Google responds to Wallet root vulnerability: don’t use Google Wallet

February 9, 2012
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You've probably already seen the recently exposed vulnerability in the Google Wallet app which potential thieves to steal your PIN code if you're running a rooted version of Android. The crack can be applied even after a PIN or password is changed, but again, only on rooted devices. After The Next Web posted the story from the original source, Google itself responded - though there isn't much information on an actual resolution. Essentially, Google reminds users that a stock phone cannot be affected in this manner, and recommends that root users refrain from downloading Google Wallet at all.

Here's the full text of their reply:

The zvelo study was conducted on their own phone on which they disabled the security mechanisms that protect Google Wallet by rooting the device. To date, there is no known vulnerability that enables someone to take a consumer phone and gain root access while preserving any Wallet information such as the PIN.We strongly encourage people to not install Google Wallet on rooted devices and to always set up a screen lock as an additional layer of security for their phone.

That's a disappointing answer, but not an unexpected one. When you unlock or root a device, you're always running at least some kind of risk, to your hardware, your software, and even your personal data. The possibility that 1) your rooted phone would get stolen by 2) someone with the technical knowledge to pull a similar hack off and 3) the knowledge that both your banking information is on the phone and that it's possible to retrieve it is remote to say the least. Considering the low saturation of NFC payment systems, especially in the US, it would seem that root users just need to do without for now.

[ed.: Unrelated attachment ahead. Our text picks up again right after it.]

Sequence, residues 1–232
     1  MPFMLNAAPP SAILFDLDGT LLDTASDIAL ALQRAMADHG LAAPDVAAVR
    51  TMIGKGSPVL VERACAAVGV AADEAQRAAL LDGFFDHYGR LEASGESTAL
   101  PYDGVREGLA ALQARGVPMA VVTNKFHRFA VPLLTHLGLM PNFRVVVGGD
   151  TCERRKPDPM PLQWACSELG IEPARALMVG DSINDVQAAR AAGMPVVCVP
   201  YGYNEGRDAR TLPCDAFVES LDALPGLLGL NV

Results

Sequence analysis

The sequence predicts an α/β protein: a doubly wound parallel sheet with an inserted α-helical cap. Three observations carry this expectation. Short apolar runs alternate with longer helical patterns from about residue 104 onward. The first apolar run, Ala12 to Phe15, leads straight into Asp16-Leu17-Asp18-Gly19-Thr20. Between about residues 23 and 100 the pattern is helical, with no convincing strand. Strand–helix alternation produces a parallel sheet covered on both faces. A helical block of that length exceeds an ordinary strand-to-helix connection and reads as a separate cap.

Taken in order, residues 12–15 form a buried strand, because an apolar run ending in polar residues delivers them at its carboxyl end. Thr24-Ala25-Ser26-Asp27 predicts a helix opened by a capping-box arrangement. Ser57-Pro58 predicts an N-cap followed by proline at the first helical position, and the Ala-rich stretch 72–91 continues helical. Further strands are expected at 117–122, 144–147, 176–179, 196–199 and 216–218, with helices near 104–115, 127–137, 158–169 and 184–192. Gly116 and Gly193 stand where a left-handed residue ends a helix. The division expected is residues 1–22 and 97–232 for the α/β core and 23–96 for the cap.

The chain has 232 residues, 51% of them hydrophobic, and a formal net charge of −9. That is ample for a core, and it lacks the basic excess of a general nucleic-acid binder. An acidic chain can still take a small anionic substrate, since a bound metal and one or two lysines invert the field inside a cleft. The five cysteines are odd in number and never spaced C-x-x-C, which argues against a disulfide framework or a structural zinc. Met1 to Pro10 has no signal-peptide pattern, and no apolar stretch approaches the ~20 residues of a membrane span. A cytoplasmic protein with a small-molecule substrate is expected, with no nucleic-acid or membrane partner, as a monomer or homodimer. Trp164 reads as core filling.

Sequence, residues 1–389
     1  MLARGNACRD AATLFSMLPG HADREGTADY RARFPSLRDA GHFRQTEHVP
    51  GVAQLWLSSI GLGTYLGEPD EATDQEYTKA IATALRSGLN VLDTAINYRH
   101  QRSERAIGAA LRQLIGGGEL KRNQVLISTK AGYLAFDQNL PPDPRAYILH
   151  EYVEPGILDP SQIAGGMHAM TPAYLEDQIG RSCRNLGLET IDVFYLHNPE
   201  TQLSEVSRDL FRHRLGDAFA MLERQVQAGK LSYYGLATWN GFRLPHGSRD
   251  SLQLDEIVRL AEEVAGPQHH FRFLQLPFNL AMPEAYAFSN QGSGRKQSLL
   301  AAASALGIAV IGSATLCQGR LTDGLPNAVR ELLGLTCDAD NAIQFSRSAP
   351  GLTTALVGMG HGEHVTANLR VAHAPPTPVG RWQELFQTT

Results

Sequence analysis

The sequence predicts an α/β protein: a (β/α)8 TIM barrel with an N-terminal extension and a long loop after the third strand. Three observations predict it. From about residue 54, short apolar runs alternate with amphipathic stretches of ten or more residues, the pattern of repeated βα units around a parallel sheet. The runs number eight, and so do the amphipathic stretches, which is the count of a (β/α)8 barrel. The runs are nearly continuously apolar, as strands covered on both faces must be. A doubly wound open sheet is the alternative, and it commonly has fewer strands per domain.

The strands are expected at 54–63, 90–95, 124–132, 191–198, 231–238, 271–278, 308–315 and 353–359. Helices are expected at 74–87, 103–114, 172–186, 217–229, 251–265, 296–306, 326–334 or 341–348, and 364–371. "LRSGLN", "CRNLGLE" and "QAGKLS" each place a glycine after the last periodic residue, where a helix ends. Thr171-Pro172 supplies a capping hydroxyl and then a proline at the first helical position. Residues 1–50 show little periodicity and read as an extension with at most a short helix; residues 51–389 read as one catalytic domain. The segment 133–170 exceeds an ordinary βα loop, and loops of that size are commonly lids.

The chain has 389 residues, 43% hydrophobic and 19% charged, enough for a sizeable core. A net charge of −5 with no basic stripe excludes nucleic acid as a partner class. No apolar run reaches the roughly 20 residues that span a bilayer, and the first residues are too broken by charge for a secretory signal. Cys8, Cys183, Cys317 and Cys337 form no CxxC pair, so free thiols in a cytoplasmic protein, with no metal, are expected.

This isn't the first time that Google has essentially ignored the considerable percentage of Android users who root: there's still no way to legally watch movies or TV shows downloaded from the Android Market on a rooted device. While this is thought to be a measure insisted upon by the various entertainment studios, that doesn't make the refusal of service any less annoying. Even so, it's not Google's responsibility to cover every contingency of every Android modification: If you modify the software on your phone or tablet, you're responsible for any change in functionality or security. That seems like a reasonable position, if at times frustrating one.


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  • Muffstic

    NFC payments will be going mainstream before we know it. There was an article in the Salt Lake Tribune today stating that Isis will soon be starting its trail here and in Austin, Texas with carriers and credit card companies offering merchants incentives to install NFC compatible machines in their businesses. Theyare also asking for individuals to start paying with their mobile phones or these smart cards. After the trail run its likely that it would open up to other markets. I don’t think there’s a way they can exclude google wallet from being used with these.

  • Anonymous

    I’m sorry but I think Google’s response is exactly what it should be. The moment you root your phone, you’re on your own. Your warranty is voided, and so is the consumer protection you would expect from using a stock device with the software it comes with as default. I don’t think Google should be responsible for rooted devices. There are far too many ROMS and kernels to support. NFC payment is a new technology, already as secure as other forms of payment. You root it, you risk it.

  • http://www.facebook.com/brandon.lockaby Brandon Lockaby

    If someone were to steal my phone, they can just root it themselves… Right?

  • http://www.facebook.com/brandon.lockaby Brandon Lockaby

    If someone were to steal my phone, they can just root it themselves… Right?